XPBLOG: A robotics engineer’s introduction to Unity – 12/16/21

Despite being someone who has been interested in gaming as far back as I can remember, I had never had the opportunity to try and develop a video game until I was part of this internship. Pretty much all of my programming experience so far has been in relatively simplistic coding environments such as Eclipse and VSCode, and the only output was usually a text output or behavior in the physical realm. While there are similar themes in all coding environments, Unity would prove to be quite the new and interesting experience.

The first challenge that I had to face when using Unity for the first time was the complicated user interface. While I know my way around it now, practically at the end of the program, the sheer amount of buttons, scenes, and new terminology was more than multiple skims of the manual could prepare anyone for. In Fig. 1, instead of being presented with a central area for coding, like in Fig. 2, the user is presented with nothing more than the camera. Also, unlike in Fig. 2, where the user can get coding immediately, the user has to create a script somewhere under assets, which is an idea foreign to most programmers.

Figure 1: Unity’s new project screen, which is relatively complicated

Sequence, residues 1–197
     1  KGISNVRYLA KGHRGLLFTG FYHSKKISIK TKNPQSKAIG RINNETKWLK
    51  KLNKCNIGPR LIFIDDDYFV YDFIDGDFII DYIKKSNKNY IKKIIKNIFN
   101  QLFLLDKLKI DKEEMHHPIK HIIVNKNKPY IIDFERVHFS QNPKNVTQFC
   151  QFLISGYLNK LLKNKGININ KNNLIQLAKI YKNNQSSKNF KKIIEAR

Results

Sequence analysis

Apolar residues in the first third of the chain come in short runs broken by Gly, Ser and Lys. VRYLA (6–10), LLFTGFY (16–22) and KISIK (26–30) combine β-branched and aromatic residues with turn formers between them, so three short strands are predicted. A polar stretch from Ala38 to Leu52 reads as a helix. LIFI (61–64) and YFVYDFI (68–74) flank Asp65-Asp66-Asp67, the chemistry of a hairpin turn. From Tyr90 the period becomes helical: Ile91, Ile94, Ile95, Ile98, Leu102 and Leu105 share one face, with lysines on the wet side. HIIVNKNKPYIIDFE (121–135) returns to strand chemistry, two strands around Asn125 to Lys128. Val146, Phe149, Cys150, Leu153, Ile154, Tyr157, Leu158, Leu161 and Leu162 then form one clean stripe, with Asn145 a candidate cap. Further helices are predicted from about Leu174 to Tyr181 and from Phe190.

Figure 2: Eclipse, a common IDE, which is simplistic

After getting a grasp on Unity’s UI, Unity began to feel natural. By this point, I had taught myself a bit of C# and had written a few basic functions. Despite this, I still found myself struggling with yet another roadblock: applying scripts. In Unity, there is a good number of ways to reference assets within code, such as through public variables (which allowed for dragging and dropping the assets into the script’s Inspector), which I discovered to be good for tasks like spawning a number of the same asset, or using a find command, which works best for quickly finding something static that already exists within the game scene. I would argue that at this point, any programmer would know the basics of how to use Unity, but in order to do something of any complexity, there are a few quirks that any user must deal with.